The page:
Sports, perception and sample-size bias

New York Rangers goalie Henrik Lundqvist is the Tim Tebow of hockey. Actually, he's even better, having won nine of his last ten. Photo by Robert Kowal.

Apologies in advance, but if you don’t follow sports this post may not make much sense.

This afternoon, the Denver Broncos picked up their sixth win in seven games this season with Tim Tebow starting at quarterback. If you haven’t heard, Tebow has what might be called non-traditional passing mechanics, but as many commentators have noted, he “just wins.” There’s a lot that could be said, and already has been said, about the strange way in which quarterbacks are credited with team success in football, but that’s not really the point of this post. Rather, I want to point out how odd it is that seven games — even seven games that include six wins — can be considered so meaningful in football.

This stretch has turned Denver’s season around, to be sure. They lost four of their first five, but now find themselves tied for the lead in their division. But this is only possible because of the NFL’s relatively tiny schedule. Consider that, for a hockey goaltender — probably the only every-game player in North American major team sports with as much impact as a quarterback — six wins in seven games is barely noticeable; it’s less than a tenth of the season. For a baseball player (where there isn’t such a great analogue, since starting pitchers only go every fifth game), six wins in seven games is a good week. You could win your league’s player of the week award in May and be sent down to the minors in June. For Tebow, six wins in seven games is two months and half the season, and it’s especially significant when one of your divisional rivals (San Diego) is imploding at the same time.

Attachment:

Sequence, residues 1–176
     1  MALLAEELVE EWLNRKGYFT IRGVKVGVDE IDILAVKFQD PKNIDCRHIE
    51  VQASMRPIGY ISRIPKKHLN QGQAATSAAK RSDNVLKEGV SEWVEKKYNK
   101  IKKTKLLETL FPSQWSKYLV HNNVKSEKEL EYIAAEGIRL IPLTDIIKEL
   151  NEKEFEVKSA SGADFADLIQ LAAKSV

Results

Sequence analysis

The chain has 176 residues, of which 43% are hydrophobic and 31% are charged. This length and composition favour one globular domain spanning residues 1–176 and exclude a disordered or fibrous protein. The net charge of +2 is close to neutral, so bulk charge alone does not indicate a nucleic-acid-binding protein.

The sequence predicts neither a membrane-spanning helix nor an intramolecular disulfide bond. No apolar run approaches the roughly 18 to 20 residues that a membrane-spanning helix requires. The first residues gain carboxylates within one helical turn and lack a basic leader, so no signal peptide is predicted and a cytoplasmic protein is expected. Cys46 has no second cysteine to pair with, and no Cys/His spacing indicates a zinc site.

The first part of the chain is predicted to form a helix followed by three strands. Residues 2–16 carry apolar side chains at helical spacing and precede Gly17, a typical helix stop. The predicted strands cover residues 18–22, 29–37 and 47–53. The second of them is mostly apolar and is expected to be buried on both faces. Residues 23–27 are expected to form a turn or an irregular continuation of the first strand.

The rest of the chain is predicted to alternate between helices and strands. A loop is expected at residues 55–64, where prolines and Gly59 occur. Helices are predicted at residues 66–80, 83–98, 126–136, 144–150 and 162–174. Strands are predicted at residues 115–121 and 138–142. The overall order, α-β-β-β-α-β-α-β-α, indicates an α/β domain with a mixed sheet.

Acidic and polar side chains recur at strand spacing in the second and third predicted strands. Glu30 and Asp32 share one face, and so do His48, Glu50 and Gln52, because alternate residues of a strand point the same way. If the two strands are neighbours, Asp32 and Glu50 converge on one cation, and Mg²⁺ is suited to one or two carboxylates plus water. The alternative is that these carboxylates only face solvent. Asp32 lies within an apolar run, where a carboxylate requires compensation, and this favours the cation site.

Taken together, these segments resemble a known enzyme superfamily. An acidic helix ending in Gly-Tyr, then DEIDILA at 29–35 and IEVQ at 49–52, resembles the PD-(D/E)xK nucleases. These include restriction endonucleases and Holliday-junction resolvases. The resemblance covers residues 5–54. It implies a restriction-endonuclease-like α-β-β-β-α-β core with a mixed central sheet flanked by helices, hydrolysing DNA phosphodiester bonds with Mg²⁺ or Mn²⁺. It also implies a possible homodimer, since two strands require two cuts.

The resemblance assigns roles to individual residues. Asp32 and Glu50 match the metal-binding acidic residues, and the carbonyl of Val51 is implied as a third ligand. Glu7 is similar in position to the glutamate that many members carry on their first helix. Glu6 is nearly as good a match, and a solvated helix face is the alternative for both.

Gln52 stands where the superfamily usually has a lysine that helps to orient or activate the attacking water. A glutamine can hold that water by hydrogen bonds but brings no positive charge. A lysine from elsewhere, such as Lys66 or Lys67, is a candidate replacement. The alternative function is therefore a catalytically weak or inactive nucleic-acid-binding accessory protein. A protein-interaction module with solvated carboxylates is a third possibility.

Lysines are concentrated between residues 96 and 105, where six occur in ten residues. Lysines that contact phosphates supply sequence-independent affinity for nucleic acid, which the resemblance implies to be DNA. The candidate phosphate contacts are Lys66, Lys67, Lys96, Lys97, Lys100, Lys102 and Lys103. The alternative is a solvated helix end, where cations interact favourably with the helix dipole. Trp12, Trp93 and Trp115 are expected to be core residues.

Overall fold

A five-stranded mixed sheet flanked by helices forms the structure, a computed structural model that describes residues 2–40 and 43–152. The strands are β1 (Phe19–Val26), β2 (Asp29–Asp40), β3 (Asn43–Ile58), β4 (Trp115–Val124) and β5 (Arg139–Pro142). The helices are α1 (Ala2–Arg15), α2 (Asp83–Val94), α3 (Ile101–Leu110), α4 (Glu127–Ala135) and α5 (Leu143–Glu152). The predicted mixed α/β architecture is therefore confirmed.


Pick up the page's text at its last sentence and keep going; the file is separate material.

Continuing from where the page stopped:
But this is all perception; if we’re trying to think about what this seven-game sample means in terms of predicting the larger population of games that is a player’s career, seven tells us nothing. It doesn’t matter that an NFL season is only 16 games long; seven games don’t provide enough observations to reduce the error to an acceptable level. If we were to look at a proportionally similar number of baseball games — 70 — we’d keep the proportion the same, but reduce the sampling error by examining nominally more cases.

So where does this perception error come from? Is it just the kind of rank innumeracy we see in many contexts? Maybe, but I suspect there’s also an important media effect as well. Sports media — both reporters and game broadcasters — and the sports culture they’re embedded in frequently express hostility toward data-driven strategy. Narratives and tradition rule in sports, and when data contradict them it’s because data can’t possibly figure out the relevant “intangibles.” Noting that a seven-game span isn’t really an illuminating sample gets in the way of a lot of narrative structure.

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    • Guest

      Klosterman wrote about this for Grantland, hitting at the media narrative’s effect a little:

      The final paragraph sums it up, I think:

      “The machinations of his success don’t matter as long as they’re inexplicable. 

      The crux here, the issue driving this whole “Tebow Thing,” is the matter of faith. It’s the ongoing choice between embracing a warm feeling that makes no sense or a cold pragmatism that’s probably true. And with Tebow, that illogical warm feeling keeps working out. It pays off. The upside to secular thinking is that — in theory — your skepticism will prove correct. Your rightness might be emotionally unsatisfying, but it confirms a stable understanding of the universe. Sports fans who love statistics fall into this camp. People who reject cognitive dissonance build this camp and find the firewood. But Tebow wrecks all that, because he makes blind faith a viable option. His faith in God, his followers’ faith in him — it all defies modernity. This is why people care so much. He is making people wonder if they should try to believe things they don’t actually believe.”